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  Marin County Continues to Undermine Richmond-San Rafael Bridge Agreement
January 29, 2019

Marin County has far more jobs than homes, especially affordable homes. When the Bay Area economy turned red-hot in the last five years, one result was that employees working in Marin but living in the more affordable East Bay caused traffic across the Richmond-San Rafael Bridge to increase dramatically during the morning and evening commute hours.

The evening congestion westbound was so bad that traffic was backing up to Highway 101, slowing the commute of Marin and Sonoma County commuters. Inconveniencing North Bay commuters, of course, could not stand, and legislators pulled out al the stops for a solution.

The result was a grand bargain among Caltrans, Chevron, MTC, BATA, bicycle advocates and legislators at several levels on both sides of the Bay.

  • A third lane eastbound across the bridge would be opened in the afternoon and evening to relieve congestion at the west end of the bridge. This would be a four-year pilot project.
  • The Bay Trail spur connecting Point Richmond with Point Molate and providing a safe crossing of I-580 would be constructed. This would replace a deadly and unprotected bike trail along the shoulders of I-580 that was originally built as a CEQA mitigation.
  • The third lane westbound on the bridge would become a bike-pedestrian trail, connecting Contra Costa and Marin Counties. It would be separated from vehicle lanes with a movable barrier, similar to that on the Golden Gate Bridge, that could be moved for maintenance or emergencies. This would also be a four-year pilot project.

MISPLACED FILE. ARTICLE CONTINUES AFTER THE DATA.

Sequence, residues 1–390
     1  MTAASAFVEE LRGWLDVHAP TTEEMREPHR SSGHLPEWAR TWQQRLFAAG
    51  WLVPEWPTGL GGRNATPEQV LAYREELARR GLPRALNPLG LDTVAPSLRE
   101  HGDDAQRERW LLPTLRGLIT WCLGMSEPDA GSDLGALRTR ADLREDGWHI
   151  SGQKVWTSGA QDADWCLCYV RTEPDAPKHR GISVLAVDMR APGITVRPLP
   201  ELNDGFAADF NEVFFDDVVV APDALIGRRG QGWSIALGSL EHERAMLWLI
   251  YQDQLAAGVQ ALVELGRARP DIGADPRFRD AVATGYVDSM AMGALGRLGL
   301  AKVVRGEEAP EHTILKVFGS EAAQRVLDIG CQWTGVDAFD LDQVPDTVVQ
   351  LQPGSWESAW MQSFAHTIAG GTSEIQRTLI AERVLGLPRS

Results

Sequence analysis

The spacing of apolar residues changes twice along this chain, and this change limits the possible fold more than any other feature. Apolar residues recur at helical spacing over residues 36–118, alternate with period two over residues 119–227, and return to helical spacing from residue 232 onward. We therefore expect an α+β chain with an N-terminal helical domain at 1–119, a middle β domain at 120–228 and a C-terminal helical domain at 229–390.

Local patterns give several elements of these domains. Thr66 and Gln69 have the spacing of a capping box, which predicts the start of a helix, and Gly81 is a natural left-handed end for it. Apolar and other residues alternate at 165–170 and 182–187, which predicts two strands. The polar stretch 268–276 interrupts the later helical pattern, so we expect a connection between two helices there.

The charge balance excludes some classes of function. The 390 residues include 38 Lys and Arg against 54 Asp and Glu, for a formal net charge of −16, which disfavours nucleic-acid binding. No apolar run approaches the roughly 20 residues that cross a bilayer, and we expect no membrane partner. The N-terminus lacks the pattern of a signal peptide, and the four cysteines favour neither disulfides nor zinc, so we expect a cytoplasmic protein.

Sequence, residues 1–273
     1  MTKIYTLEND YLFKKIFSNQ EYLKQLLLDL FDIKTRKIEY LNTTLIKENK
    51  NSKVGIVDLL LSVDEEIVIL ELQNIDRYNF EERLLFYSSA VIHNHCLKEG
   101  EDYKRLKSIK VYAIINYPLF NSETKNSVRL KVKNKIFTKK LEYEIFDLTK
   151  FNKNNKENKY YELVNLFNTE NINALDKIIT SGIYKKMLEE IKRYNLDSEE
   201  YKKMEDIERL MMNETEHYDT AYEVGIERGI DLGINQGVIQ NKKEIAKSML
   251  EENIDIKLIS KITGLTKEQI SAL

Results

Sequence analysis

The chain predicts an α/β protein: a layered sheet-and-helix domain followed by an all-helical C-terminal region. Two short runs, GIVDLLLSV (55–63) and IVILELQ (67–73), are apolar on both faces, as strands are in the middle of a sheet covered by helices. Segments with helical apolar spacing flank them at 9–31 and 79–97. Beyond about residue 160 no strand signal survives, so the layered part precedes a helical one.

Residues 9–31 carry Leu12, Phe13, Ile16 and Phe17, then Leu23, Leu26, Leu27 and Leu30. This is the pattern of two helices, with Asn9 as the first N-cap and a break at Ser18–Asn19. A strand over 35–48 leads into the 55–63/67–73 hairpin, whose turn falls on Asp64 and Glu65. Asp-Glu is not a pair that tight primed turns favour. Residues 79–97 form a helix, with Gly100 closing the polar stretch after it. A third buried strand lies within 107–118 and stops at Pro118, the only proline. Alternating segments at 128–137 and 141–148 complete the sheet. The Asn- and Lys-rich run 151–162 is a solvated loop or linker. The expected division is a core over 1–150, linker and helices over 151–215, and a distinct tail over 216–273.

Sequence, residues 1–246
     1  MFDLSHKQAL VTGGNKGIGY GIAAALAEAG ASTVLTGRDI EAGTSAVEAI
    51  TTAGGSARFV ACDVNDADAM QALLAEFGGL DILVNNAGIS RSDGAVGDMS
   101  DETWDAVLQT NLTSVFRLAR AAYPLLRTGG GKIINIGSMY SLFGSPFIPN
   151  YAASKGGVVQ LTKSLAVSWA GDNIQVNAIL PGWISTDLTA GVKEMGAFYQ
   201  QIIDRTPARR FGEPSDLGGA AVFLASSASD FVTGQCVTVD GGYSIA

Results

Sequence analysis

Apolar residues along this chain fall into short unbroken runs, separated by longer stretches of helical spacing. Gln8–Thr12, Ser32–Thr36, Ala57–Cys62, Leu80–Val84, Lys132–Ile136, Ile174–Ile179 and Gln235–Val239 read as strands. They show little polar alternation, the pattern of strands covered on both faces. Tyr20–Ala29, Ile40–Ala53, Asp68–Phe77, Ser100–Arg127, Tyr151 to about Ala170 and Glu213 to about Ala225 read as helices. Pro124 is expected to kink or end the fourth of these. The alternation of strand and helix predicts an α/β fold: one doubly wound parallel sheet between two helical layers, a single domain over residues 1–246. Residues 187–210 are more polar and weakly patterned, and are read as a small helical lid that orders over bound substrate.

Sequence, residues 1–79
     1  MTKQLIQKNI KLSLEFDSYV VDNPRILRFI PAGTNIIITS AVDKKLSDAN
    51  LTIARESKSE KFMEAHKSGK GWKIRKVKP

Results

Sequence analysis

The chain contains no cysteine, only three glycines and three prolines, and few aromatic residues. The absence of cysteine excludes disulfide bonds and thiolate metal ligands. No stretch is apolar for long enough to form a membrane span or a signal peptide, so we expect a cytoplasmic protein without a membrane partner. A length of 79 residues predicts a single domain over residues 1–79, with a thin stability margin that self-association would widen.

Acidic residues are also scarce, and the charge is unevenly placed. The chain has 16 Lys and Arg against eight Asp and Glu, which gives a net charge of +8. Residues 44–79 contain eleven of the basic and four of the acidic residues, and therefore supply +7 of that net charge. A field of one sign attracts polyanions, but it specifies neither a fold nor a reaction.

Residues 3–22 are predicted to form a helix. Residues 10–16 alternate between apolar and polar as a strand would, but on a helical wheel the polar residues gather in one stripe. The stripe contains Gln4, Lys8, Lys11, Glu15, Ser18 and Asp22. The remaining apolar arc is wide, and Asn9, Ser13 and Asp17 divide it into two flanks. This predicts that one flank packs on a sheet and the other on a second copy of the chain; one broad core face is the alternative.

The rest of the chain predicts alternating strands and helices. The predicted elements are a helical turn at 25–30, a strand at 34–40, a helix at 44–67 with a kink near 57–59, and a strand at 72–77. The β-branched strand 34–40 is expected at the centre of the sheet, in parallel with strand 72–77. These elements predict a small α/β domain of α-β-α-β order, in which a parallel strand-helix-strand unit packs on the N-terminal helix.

• The changes would be funded by BATA (Bay Area Toll Authority)

Once the bargain had been struck and the project funded, Marin County legislators started to try and dismantle it (First Step Taken Towards Removing Bike Lane from Richmond-San Rafael Bridge Plan and Richmond-San Rafael Bridge Upper Deck Lane Mulled).

MTC and BATA agreed to study the proposal and came up with some interesting findings:

  • The bridge, which was completed in the 1950’s is not engineered to accommodate the additional loads that would be imposed by full vehicle use of a third westbound lane. Modifications could be expensive.
  • Adding signage, like that in the eastbound direction, would be expensive. It could not be attached to the existing structure as in the eastbound lanes.
  • Moving the barrier daily to accommodate commute traffic would be very expensive.
  • Programmatic changes and structural changes to the east approach, such as removing the toll booths, increasing use of carpools and public transportation, designating express lanes and congestion pricing could almost eliminate the westbound commute congestion. What they found is that the early morning westbound backup can be eliminated without opening a 3rd lane to traffic with just a 10% reduction in vehicle travel demand, equivalent to taking 400 cars off the bridge. One way this could be done is by moving 200 people into 4 buses, 150 more HOV2+ carpools and 50 cyclists.

As CCTA chair last year, I was also able to get $210 million into RM3 to pay for congestion reduction improvements at both ends of the Richmond-San Rafael bridge, including $75 million for east approach improvements.

Adding a third westbound lane is not as simple as it sounds. Currently, there are two westbound lanes on I-580 west of the bridge and one westbound lane on Sir Francis Drake – for a total of three. The problem is that 2/3 of the westbound traffic takes Sir Francis Drake. Opening up the third lane would simply move the congestion from the east end of the bridge to Marin County.

While the third eastbound lane has cleared up congestion in Marin in the evening, it has exacerbated congestion on the Richmond parkway, as 50% more vehicles, many of them heading north on I-80, cram onto the two-lane Richmond parkway.